COPD is diagnosed and evaluated by pulmonary function testing (PFT). Chest computed tomography (CT) primarily serves a descriptive role for diagnosis and severity evaluation. CT densitometry-based emphysema quantification and lobar fissure integrity assessment are most commonly used, mainly for lung volume reduction purposes and scientific efforts.
A shift towards a more quantitative role for CT to assess pulmonary function is a logical next step, since more, currently underutilised, information is present in CT images. For instance, lung volumes such as residual volume and total lung capacity can be extracted from CT; these are strongly correlated to lung volumes measured by PFT.
This review assesses the current evidence for use of quantitative CT as a proxy for PFT in COPD and discusses challenges in the movement towards CT as a more quantitative modality in COPD diagnosis and evaluation. To better understand the relevance of the traditional PFT measurements and the role CT might play in the replacement of these parameters, COPD pathology and traditional PFT measurements are discussed.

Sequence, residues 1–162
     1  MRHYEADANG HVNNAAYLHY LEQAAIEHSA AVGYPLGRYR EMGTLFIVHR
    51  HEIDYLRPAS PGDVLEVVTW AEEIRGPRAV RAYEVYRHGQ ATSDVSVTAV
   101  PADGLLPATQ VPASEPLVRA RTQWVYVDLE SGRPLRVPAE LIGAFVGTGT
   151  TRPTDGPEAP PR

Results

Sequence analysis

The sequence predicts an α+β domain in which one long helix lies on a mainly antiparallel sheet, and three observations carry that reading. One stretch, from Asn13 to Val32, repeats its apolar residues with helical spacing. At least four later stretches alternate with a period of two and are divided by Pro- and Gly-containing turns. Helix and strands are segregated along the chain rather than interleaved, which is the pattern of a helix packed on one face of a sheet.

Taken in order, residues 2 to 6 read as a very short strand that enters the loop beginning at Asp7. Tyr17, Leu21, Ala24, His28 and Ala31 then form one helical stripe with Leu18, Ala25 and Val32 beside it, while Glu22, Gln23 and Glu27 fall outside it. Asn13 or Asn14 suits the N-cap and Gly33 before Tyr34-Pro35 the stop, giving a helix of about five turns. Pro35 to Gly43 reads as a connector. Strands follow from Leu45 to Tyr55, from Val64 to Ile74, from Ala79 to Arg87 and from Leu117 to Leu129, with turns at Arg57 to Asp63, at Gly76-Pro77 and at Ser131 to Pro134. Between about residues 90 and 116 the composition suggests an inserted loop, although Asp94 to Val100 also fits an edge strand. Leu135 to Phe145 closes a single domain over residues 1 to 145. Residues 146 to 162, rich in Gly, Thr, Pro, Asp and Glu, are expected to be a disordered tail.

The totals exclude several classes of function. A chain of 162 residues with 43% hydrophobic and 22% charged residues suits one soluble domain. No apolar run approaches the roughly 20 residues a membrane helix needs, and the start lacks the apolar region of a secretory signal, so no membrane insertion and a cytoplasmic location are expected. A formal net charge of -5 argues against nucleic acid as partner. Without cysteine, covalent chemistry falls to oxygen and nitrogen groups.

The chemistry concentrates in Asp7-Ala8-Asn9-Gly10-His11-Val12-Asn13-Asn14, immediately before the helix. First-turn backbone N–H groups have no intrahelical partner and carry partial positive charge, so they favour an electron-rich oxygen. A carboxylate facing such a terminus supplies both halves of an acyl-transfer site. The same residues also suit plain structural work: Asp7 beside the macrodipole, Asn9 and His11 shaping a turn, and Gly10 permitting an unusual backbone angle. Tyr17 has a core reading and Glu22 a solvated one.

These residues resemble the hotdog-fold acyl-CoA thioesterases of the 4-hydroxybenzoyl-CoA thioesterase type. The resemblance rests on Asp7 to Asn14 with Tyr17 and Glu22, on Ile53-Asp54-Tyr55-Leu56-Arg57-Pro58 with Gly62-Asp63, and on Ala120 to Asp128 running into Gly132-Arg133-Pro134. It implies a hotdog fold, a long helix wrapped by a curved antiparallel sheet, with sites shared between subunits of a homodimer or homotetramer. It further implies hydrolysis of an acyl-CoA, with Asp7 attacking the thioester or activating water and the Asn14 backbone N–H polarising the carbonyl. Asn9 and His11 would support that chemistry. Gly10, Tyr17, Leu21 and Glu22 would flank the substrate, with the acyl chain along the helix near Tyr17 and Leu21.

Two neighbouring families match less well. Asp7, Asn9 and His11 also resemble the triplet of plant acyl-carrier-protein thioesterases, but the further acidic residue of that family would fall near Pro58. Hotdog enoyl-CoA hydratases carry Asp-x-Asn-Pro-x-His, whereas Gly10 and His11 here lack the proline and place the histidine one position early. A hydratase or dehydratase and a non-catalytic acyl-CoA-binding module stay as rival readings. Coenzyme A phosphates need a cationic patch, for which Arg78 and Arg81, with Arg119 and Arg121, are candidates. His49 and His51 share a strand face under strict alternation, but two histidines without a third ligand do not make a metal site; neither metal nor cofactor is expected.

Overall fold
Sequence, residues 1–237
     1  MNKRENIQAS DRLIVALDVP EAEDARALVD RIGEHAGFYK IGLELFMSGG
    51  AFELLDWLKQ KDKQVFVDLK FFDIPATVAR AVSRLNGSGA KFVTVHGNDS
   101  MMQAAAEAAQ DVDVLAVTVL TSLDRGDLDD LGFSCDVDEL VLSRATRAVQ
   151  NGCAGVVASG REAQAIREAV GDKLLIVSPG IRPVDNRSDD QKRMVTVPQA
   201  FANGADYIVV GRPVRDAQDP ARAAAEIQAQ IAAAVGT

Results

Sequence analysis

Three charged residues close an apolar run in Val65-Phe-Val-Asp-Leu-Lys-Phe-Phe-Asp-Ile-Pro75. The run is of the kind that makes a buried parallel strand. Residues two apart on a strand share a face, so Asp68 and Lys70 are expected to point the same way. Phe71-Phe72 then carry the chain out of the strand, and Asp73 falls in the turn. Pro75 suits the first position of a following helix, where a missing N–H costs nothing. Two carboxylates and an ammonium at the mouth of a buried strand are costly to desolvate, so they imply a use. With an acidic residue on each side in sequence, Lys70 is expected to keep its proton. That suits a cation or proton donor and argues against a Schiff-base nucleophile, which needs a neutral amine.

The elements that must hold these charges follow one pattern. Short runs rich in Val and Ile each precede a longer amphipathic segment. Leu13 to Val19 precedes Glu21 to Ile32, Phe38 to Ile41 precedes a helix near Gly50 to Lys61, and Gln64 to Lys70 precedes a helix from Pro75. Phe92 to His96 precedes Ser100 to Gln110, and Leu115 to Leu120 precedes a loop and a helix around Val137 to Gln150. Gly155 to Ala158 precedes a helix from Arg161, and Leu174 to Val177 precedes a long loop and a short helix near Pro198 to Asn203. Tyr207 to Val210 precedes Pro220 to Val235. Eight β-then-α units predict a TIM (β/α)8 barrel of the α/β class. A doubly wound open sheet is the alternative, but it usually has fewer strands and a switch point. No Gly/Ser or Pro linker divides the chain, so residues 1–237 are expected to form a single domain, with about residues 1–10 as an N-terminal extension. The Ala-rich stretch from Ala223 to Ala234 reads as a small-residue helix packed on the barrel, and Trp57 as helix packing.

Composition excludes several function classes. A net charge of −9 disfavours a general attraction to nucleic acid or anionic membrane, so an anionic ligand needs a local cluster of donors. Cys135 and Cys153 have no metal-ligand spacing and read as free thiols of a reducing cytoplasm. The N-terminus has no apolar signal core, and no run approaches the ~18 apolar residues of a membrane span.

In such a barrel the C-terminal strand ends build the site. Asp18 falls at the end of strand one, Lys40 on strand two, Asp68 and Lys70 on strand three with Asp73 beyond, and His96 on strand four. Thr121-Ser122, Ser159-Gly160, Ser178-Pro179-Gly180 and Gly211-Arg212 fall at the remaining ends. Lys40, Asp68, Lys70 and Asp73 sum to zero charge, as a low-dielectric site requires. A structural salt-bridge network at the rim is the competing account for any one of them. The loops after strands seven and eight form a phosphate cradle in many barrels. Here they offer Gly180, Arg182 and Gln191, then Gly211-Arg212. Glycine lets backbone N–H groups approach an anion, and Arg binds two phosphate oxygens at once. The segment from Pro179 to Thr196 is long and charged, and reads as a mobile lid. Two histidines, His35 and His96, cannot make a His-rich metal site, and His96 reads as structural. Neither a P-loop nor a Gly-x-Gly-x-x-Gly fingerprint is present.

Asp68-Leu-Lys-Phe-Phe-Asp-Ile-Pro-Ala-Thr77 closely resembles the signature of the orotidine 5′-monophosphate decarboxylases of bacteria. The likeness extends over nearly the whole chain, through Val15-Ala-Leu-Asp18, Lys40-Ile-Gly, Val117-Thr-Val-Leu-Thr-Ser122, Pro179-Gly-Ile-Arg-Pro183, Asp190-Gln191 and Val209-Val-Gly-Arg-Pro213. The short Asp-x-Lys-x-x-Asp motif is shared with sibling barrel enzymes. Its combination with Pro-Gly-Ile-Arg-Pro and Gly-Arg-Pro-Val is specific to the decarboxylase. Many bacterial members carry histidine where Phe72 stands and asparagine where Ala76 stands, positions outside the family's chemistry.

- LUNG-VOLUME REDUCTION
- AIRWAY WALL THICKNESS
- TRACHEAL COLLAPSIBILITY